It was a noir state of mind when I spent my Holy Week afternoon in Colon Street. It made me think of the nature of things. My unexpected fascination with Colon began on a sweltering Thursday afternoon.
About a month ago, my Facebook Newsfeed was filled with photos of people rushing from one church to another to complete the required 7 churches for Visita Iglesia. It was a hot Maundy Thursday afternoon and I also planned to do the pilgrimage but I ended up being distracted by the sight of the busiest street in Cebu being empty of the usual traffic of vehicles and folks.
|An everyday scene in the heart of downtown Cebu.|
Walking the street of Colon reminded me of being in Quiapo, Ermita or even Escolta. Colon was a composite of Manila, the real Manila.
The air is grimy and dusty. There is a muskiness in the air that gives it character. You know you're in the center of downtown Cebu by the look of the buildings; of the crowds of vendors, students, bystanders, and commuters either hustling to their next destination or just loitering around.
Being in Colon on any given day, you could imagine yourself starring in that Lino Brocka-helmed film, "Manila Sa Mga Kuko ng Liwanag". The grittiness of your surroundings, the blank expressions of people you encounter, the landscape that harkens days gone by; Colon is the perfect canvass for a Noiresque setting.
Dilapidated buildings, cinema houses that time has forgotten, storefronts peddling wares at bargain prices, sidewalk vendors displacing pedestrians; overwhelm your senses. When transversing Colon on foot, you feel like you're running for your life. Don't look back or stop unless you want to be left behind.
|Pedestrians crossing the oldest street in the Philippines|
I may sound melodramatic but that's actually what we advise folks when we go to these places. Don't bring your valuables, be alert, put your bags in front of you, go in groups, brisk walk, be mindful of the people around you; aren't these the things we say when we hear people going to Colon?
But it was a completely different story on that hot Thursday afternoon. When I alighted from the cab in front of Metro Gaisano in Colon, it was a whole new perspective for me. I could literally count the number of people on the street. Jeepneys and cars were scarce and if I wanted to, I could have done a pirouette on the middle of the street without being hit by a passing vehicle.
|An unusual sight to see in Colon.|
As I roamed the historic street of Colon, I told my friend that what's missing in us is the sense of civic pride. As the City of Cebu progressed and expanded its boundaries, citizens moved to the newer and less crowded parts of the Metropolis. Bringing with them their families and businesses.
There was an attempt to revive Colon and connect it to its past but even that idea was abandoned. The Women International League even set-up Historical Markers throughout the thoroughfare commemorating the vitality and importance of Colon but eventually these were neglected and abandoned.
We, Filipinos, are so adaptable to change that we can easily shed or discard the old in exchange of the new.
Is there room for sentiment? Yes, there should be. How can we clearly identify as Filipino if we forego our social and cultural past? In other countries, they embrace their Colonial past and use it to move forward. They do not destroy it. They use that as a guide or inspiration.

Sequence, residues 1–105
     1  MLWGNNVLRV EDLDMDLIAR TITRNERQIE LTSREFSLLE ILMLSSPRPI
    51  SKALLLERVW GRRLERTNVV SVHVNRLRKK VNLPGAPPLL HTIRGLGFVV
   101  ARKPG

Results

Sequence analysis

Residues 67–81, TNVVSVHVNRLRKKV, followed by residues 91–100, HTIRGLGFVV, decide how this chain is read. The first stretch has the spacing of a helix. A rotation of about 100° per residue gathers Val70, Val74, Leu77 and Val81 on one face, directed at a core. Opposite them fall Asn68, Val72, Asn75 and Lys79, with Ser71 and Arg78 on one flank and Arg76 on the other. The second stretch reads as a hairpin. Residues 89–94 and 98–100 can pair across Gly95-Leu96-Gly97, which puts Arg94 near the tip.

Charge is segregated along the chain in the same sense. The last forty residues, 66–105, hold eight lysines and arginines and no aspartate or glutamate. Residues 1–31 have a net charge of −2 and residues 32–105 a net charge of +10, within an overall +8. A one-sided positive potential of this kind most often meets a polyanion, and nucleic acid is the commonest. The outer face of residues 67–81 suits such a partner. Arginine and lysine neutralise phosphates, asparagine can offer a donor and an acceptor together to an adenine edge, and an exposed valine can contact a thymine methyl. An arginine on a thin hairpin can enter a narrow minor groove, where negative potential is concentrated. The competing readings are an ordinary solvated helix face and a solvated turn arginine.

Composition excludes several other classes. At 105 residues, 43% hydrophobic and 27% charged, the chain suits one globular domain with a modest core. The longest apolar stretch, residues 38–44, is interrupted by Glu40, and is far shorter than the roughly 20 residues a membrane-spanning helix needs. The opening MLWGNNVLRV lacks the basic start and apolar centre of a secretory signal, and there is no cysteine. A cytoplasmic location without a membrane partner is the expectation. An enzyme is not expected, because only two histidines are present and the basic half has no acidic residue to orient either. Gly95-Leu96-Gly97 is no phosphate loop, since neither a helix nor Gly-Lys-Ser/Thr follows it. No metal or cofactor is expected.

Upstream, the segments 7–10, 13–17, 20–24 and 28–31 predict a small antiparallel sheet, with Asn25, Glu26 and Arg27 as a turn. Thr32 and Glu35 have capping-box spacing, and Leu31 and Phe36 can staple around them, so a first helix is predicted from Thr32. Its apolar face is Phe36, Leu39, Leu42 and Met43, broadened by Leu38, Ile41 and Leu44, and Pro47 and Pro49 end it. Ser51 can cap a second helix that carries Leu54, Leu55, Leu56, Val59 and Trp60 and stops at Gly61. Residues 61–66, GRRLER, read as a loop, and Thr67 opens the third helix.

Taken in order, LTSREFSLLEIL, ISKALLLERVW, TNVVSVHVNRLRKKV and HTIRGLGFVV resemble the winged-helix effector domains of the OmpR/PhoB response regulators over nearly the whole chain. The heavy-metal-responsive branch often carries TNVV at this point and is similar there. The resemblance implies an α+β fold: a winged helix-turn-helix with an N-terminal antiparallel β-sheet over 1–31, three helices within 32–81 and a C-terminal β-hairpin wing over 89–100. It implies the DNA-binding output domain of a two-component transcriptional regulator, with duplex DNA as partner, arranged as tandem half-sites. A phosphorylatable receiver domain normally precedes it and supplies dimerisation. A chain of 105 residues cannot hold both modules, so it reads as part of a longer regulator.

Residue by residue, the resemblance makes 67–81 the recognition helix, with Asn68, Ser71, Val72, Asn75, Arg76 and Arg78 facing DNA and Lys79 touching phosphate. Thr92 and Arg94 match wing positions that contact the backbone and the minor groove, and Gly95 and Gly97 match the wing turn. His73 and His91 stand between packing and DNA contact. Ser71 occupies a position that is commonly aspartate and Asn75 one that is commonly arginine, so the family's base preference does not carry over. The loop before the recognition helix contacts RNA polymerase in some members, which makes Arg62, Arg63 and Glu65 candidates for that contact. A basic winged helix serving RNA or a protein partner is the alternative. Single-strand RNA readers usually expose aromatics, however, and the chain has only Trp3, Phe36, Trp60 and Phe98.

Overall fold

|Oriente Theater is one of the oldest theaters in Cebu.|
I know that progress and development are vital to the sustainability of a city or of a province but what I could not understand is the "I don't care" mindset that we have. It's never too late to change our outlook and attitude.
If Colon would be resurrected, picture it as the "Times Square" of Cebu. Neon lights and billboards, tourists taking their selfies and groufies, locals flocking to rehabilitated theaters, happy shoppers pursuing deals and discounts. Wouldn't that be a boost to the economy as well as to the morale of the community?
|The "Times Square" of Cebu|
Some facts about Colon: a popular photo postcard taken during the early American Period (1900s-1910s) identified Colon as the oldest street in the Philippines; the street was named after Italian explorer, Cristobal Colon (Ferdinand Magellan and Miguel Lopez de Legazpi were fans); the entire length of the street is almost two kilometers from end to end; Colon became the center of commerce and trade since the conquest of Miguel Lopez de Legazpi in 1765; Lopez de Legazpi built the original town plan for Cebu.
Lastly, it has been a witness to hundreds of years of human history, culture and society.
Over the years, prominent personalities and families settled and lived along Colon street. Even schools and businesses were built here.
|Colon Obelisk Monument|
I'm glad that at least for Cebu, we dedicate a day or two in a year, for our celebration of the Philippine Heritage Month through Gabii Sa Kabilin which is held every last Friday of May.
I attended my first Gabii Sa Kabilin last year and I've been living in Cebu for a decade. It was a surreal experience for me. I could not have imagined the crowd of people who flocked to every site and event. You can feel the deluge of enthusiasm and excitement radiating from the participants. And that gives us hope for the future.
Feeling nostalgic? Here are some more of my posts about Old Cebu: 8 Vintages Postcards of Old Cebu and Colon Street's Forgotten Markers.